Based in Philadelphia, Aro Biotherapeutics is a biotechnology company pioneering the development of tissue-targeted genetic medicines with a platform based on a proprietary protein technology called Centyrins. Earlier this month, Aro announced the closing of an $88 million Series A financing. The proceeds from the Series A will be used to advance the company’s lead therapeutic candidates into clinical development, with an initial focus in rare genetic and immune disorders. I caught up with Aro Biotherapeutics Susan Dillon, Ph.D., co-founder and CEO to learn more about mass production of Centyrins, their line of RNA-based therapies, and more.
Aro Biotherapeutics is known for its work with Centyrins. Why are they better suited for mass production, and how does this affect the patient?
Centyrins can be produced at high yields in bacterial strains (E coli) used for manufacturing small proteins, which is different than standard monoclonal antibody products which are typically produced in mammalian cells. Manufacturing in E coli tends to be less complex, faster and more cost effective than manufacturing in mammalian cells. While the manufacturing process itself won’t have a direct impact on patients, other attributes of Centyrins — in particular, their binding to specific cells, small size and stability in the intracellular environment — could have a meaningful impact on efficacy and safety for patients, along with the potential to be administered at lower doses with more convenient (sub-cutaneous) formulations vs other products.
Briefly explain Aro’s line of RNA-based therapies.
Aro is developing a new class of medicines called Centyrin-oligonucleotide conjugates where Centyrins can target the oligonucleotide to a specific cellular address. In doing so, we can overcome one of the greatest challenges in the RNA space, which is how to ensure that these promising therapies can achieve sufficient activity in extra hepatic disease tissues without causing excess toxicity in other tissues. In our early studies in animal models, we’ve seen very promising gene modulation data working with both antisense oligonucleotides and siRNA.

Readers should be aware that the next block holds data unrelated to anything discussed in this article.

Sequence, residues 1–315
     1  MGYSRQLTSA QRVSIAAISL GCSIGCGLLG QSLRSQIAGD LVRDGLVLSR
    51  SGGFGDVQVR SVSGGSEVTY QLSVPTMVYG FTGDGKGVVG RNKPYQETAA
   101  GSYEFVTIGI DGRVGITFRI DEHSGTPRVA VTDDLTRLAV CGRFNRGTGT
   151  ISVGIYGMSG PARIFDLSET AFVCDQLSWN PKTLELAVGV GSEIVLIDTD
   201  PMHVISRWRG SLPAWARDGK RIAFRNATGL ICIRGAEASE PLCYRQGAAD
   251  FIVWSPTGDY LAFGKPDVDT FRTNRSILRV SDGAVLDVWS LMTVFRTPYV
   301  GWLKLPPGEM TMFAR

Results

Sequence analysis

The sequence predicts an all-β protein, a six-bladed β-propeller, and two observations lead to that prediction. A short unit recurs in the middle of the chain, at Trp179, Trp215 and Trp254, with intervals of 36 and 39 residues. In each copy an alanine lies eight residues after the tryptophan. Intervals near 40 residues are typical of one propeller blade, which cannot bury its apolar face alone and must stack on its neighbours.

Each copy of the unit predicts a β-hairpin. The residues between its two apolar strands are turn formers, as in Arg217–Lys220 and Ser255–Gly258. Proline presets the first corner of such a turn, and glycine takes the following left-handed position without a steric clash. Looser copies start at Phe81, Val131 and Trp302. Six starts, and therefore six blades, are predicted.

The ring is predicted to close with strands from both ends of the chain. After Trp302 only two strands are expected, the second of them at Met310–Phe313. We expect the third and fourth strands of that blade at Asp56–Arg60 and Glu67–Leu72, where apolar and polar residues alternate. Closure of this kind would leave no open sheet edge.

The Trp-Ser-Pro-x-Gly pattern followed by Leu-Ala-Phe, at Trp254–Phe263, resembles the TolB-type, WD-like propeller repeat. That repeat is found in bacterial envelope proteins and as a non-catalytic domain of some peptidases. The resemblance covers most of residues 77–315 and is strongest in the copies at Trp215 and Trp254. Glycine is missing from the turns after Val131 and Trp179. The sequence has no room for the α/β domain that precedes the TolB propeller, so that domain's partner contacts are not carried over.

Aro is said to double its staff based on its most recent round. What positions will likely be added, and why?
We have ambitious goals for the future development of both our platform and our pipeline and to achieve these goals, we will need to increase the size of our scientific team. The vast majority of new hires will be scientists who can help us accelerate our drug discovery efforts. Over time, as we approach human clinical trials, we will also need to build out a team focused on clinical development of therapeutics.
It was stated that Aro plans to focus on drugs for rare genetic diseases before moving onto immune system diseases. Which rare diseases will Aro focus on and why?
We haven’t publicly disclosed the specific indications that we will pursue, but our initial efforts will be in the genetic muscle disease area in addition to rare autoimmune disorders. First and foremost, the diseases where Aro will focus are areas of high unmet medical need, where we believe we can have a transformational impact on patients. Beyond this guiding principle, we’ve also looked at other factors – biological rationale, clinical/regulatory path, competition and so on – in prioritizing our lead indications.
Who are Aro’s local/regional partners? Explain the symbiotic nature of the partnerships
As a relatively small scientific team, Aro’s success is dependent on establishing a network of partners in greater Philadelphia/NJ (as well as across the US and Europe) to both expand our capacity for managing multiple projects as well as to bring new capabilities on board. We collaborate with both large contract research organizations and with many smaller more specialized firms that have expertise in screening and in various disease models.